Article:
• A few ways of demonstrating interest are opening and clicking on links in your emails (colleges can, and do, track that!), reaching out to your admission counselor, attending college rep visits at your high school, and visiting campus.

    Supplemental Materials

    • Some colleges allow submission of additional materials to demonstrate your talents and interests.  If you have exceptional talent in an area, or additional information that you want to share with the admissions committee, you may be able to submit:
      • Music supplement (recordings)
      • Art supplement (portfolio/photos of work)
      • Writing portfolio
      • Research Abstract
      • Resume
      • Supplemental letters of recommendation.  Be sure that supplemental letters of recommendation will include significantly different information from the required teacher recommendations.
      • Link(s) to online presence (i.e. school newspaper, YouTube channel, podcast) 
    • Check each college’s admissions website for details on what they will accept and how to submit materials.  Some will allow you to upload it it to your admissions portal; others will ask you to email it or may link to a program such as SlideRoom.

    Application Plan

    • Look at the application plans your college offers.  If Early Decision is an option for your top choice, it can be a good strategy to consider.  Remember that Early Decision is binding, so make sure it is a school you plan to attend if accepted.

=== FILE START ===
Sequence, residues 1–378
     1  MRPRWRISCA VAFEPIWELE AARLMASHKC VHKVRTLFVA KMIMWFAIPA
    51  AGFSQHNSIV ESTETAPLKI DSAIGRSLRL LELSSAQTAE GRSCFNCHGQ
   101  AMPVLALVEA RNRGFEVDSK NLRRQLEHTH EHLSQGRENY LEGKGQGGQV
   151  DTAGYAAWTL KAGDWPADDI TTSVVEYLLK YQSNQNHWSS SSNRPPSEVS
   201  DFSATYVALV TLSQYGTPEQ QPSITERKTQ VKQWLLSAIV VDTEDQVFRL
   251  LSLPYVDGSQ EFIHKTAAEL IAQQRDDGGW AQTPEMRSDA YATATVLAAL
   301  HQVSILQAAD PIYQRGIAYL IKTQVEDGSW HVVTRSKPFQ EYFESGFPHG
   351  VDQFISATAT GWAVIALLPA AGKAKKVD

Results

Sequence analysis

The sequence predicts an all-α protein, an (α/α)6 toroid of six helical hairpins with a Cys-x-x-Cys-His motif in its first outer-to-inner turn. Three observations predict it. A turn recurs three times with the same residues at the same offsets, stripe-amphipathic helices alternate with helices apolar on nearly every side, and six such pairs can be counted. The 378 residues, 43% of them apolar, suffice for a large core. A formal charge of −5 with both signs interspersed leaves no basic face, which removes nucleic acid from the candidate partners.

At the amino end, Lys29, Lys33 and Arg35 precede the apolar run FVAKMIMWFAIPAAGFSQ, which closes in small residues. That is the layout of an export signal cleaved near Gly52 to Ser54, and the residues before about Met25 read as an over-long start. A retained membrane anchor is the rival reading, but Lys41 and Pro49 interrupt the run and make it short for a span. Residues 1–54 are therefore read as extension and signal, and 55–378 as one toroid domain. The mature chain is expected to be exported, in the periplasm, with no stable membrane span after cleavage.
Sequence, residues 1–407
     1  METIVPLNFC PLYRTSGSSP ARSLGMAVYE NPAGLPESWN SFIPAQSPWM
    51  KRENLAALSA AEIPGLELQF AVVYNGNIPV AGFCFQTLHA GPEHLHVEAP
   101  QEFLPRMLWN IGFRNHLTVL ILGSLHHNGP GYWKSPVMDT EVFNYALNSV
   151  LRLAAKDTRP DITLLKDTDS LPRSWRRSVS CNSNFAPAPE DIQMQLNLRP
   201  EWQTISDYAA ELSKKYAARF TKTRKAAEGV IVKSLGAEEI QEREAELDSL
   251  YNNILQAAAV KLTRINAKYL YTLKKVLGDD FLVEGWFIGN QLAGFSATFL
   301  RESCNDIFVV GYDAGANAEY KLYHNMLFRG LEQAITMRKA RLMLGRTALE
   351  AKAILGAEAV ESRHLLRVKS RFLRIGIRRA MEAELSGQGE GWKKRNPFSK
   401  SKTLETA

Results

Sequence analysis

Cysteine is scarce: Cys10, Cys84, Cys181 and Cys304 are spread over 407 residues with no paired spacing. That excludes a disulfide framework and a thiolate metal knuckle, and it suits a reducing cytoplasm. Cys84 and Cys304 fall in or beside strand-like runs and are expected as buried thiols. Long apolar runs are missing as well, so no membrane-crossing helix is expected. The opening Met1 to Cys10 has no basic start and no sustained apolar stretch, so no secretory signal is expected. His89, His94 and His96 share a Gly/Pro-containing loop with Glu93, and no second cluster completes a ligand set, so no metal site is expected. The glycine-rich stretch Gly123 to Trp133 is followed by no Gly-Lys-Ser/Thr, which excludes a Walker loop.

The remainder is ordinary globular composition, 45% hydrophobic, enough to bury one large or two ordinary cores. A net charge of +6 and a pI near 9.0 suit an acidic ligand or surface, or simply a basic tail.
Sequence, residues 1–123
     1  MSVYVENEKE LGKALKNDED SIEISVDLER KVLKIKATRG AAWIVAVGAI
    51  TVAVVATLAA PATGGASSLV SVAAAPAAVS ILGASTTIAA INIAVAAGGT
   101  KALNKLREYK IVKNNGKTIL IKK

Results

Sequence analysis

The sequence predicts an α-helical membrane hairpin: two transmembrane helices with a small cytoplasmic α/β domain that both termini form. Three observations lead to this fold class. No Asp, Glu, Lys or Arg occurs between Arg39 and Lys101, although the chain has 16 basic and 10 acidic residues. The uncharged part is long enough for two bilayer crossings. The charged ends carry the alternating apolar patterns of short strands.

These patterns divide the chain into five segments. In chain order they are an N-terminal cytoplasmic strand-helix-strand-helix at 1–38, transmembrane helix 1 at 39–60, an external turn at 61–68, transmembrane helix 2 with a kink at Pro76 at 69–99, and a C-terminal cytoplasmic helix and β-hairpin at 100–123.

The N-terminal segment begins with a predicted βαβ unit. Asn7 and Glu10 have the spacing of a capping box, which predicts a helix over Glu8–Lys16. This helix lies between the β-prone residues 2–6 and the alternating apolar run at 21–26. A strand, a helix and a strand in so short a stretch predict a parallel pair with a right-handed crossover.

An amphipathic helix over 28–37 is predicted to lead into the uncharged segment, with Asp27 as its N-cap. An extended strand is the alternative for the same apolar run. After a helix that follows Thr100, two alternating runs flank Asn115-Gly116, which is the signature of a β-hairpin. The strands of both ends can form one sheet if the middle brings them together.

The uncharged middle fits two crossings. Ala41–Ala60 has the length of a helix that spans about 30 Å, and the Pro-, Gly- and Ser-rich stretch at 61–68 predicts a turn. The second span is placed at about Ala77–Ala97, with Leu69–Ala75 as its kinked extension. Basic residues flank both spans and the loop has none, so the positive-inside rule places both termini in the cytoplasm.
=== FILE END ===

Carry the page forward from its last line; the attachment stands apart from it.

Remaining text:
• Some schools fill significant percentages of their class in the early decision round.  If that is the case for your top choice, you may want to consider applying ED.  These charts from Big J Consulting provide excellent information on the acceptance rate for Early Decision vs. Regular Decision as well as the percentage of the freshman class filled during the ED round at many schools.

So while there is no secret sauce that will guarantee you admission to your top choice college, using these tips and strategies can help ensure that you are putting your best foot forward.  Remember that there are only some aspects of the admissions process that you can control; there are more qualified candidates than there are spaces, and institutional priorities guide much of the decision making.  Do your best to portray your authentic self, and remember to build a balanced list of schools so that you have several opportunities you would be happy with to consider when offers are in.

*If you haven't read Parts 1 & Part 2 in this series, be sure to check them out!